Air Retention Device
This research was supported in part with funds from the John Woollam Foundation for the 2018-2019 academic year.
This study is carried out to redesign an air retention device (ARD) for use in colonoscopy to enable scaled-up manufacturing.
Colonoscopy is a common procedure in which a long colonoscope is inserted via the anus to diagnose or treat problems in the large intestine. During this procedure, gas is pumped into the large intestine to improve visualization, reduce friction, and reduce the risk of the colonoscope becoming “looped” or snagged within the large intestine. However, due to insufficient sphincter tone at the anus, some patients experience gas leaking; as a result, the gas must be replenished during the procedure, which increases risk due to time under anesthesia.
The ARD consists of a main tube through which the colonoscope will be inserted, a seal to prevent gas leaking between the colonoscope and the main tube, and rings which hold the device in position by mounting on either side of the anal sphincter. The prototype was made using commercially available Ecoflex™ 00-35 (Smooth-On). This material ensures that the overall manufacturing time is short, and the product is made into the size as intended.
A validation experiment was performed for the ARD designed. The validation was conducted at the time when the colonoscope device is inserted in the ARD to check for leaks and other indications of manufacturing process issues. In this test, the ARD was connected to one end of a PVC tube, and a balloon was attached at another end of the tube; then air was pumped through a small hole drilled in the PVC. Air leakage can be seen by observing the size change (and rate of change) of the balloon.
Hand drawn manufacturing process
Actual mold for manufacturing
Hand drawn testing setup
Actual test setup
Prototype in SolidWorks
Actual Manufactured Prototype
In the final iteration of this device, the main tube, rings, and seal were fabricated in one piece. This shortens the overall manufacturing time as there is no additional step required.
For the final prototype, proper sealing between the colonoscope and ARD up to a certain pressure was visually observed. Under that threshold pressure, no significant escape of air was observed (in other words, the balloon was observed to retain its inflated size). As water-based lubricant will be used during the surgery, hand soap was used in the validation test to facilitate colonoscope motion, by reducing the friction between the colonoscope device and ARD.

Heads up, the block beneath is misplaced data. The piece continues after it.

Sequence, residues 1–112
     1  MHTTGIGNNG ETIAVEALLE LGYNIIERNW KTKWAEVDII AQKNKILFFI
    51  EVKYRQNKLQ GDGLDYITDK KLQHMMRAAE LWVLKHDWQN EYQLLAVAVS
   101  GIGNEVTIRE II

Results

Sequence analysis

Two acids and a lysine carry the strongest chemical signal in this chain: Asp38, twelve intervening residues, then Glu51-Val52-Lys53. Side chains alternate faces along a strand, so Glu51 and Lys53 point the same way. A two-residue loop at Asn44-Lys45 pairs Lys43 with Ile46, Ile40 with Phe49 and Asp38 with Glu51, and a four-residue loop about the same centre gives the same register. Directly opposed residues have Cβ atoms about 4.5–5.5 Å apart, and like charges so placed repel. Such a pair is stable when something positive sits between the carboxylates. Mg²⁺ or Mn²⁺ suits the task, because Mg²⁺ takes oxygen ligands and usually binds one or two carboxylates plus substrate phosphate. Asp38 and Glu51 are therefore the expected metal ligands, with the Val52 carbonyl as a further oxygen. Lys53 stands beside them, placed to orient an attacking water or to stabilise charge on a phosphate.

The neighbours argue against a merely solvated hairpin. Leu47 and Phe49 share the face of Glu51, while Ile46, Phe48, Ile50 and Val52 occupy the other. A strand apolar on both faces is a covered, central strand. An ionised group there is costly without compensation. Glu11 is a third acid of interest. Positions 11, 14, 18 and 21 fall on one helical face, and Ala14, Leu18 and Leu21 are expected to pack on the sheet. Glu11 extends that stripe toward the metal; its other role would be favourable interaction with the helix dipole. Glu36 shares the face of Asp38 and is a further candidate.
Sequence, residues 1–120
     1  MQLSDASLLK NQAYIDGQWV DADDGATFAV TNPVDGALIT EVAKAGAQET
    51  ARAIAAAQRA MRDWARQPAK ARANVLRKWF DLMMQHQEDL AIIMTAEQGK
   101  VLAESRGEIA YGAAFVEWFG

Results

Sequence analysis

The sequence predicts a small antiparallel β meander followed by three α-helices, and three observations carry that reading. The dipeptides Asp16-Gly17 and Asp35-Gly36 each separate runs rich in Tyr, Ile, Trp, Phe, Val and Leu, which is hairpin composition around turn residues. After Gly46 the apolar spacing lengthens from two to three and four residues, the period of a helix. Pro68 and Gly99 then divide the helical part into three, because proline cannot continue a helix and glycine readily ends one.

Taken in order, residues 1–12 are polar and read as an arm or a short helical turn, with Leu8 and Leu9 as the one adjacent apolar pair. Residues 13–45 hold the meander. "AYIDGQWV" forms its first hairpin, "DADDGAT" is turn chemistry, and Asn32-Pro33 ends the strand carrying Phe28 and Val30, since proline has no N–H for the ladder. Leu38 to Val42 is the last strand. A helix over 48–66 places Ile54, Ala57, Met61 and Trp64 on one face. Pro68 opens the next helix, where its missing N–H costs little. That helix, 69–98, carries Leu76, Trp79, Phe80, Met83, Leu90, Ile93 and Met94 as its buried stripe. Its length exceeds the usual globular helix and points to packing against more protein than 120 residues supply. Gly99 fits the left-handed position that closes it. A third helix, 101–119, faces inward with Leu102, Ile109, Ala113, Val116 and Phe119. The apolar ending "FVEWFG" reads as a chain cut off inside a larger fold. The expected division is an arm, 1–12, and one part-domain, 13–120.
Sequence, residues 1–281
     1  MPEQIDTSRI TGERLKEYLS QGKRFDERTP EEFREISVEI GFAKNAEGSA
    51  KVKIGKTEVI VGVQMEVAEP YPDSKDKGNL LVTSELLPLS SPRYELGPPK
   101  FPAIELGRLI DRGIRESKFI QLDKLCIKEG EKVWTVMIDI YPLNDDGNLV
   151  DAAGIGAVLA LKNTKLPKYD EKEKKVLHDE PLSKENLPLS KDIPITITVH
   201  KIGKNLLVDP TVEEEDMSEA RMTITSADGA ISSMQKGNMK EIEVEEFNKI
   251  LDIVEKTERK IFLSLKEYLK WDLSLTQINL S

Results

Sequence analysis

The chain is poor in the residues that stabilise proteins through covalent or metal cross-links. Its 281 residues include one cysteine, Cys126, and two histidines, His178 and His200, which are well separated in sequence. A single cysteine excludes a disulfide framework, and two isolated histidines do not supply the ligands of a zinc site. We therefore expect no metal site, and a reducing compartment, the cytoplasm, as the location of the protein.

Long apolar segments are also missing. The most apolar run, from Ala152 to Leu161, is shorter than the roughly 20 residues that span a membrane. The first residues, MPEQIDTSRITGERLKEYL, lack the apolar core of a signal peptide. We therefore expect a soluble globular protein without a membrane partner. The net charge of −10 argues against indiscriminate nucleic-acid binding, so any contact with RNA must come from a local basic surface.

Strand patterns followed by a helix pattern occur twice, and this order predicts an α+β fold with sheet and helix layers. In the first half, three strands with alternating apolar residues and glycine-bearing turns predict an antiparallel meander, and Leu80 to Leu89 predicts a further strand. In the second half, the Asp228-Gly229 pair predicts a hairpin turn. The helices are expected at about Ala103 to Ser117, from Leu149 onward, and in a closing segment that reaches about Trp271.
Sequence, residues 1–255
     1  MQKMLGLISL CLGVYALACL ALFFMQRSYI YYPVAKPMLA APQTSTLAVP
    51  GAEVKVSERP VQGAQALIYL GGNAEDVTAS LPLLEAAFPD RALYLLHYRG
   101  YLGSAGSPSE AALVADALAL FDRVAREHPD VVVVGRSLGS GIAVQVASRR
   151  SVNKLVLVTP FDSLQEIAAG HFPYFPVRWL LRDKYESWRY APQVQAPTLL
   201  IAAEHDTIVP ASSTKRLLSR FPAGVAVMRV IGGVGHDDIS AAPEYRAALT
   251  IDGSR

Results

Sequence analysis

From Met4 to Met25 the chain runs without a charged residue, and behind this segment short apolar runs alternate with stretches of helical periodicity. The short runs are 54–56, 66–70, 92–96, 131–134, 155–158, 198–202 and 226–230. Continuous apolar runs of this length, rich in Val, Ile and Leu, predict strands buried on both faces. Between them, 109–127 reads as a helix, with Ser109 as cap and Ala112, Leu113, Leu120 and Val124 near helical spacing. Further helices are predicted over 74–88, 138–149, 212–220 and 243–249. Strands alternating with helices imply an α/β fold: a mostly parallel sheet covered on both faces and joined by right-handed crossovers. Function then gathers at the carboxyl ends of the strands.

A simple, inexpensive prototype ARD for facilitating colonoscopy procedures was fabricated and tested based on a previous design presented in . A mold-based method for quick and accurate production was developed, which helps keep the device production cost low, improving the potential for market acceptance.
The device was demonstrated to fulfill the primary functional requirements of allowing easy colonoscope motion and retaining some degree of gas inflation. The authors believe this can significantly improve diagnostic visibility and increase efficiency in colonoscopy procedures.
McEniry MR, Nelson CA, Oborny RD, Glett LC, Wolfe J. Air Retention Device for Colonoscopy Procedures. ASME. J. Med. Devices. 2014;8(3):030923-030923-2. doi:10.1115/1.4027044.
Nelson CA, Sayago Capielo MF, McEniry MR. Experimental Validation of an Air Retention Device for Colonoscopy. ASME. J. Med. Devices. 2015;9(3):030927-030927-2. doi:10.1115/1.4030560.
Kozarek RA, Earnest DL, Silverstein ME, et al. Air-pressure-induced colon injury during diagnostic colonoscopy. Gastroenterology 1980;78:7-14.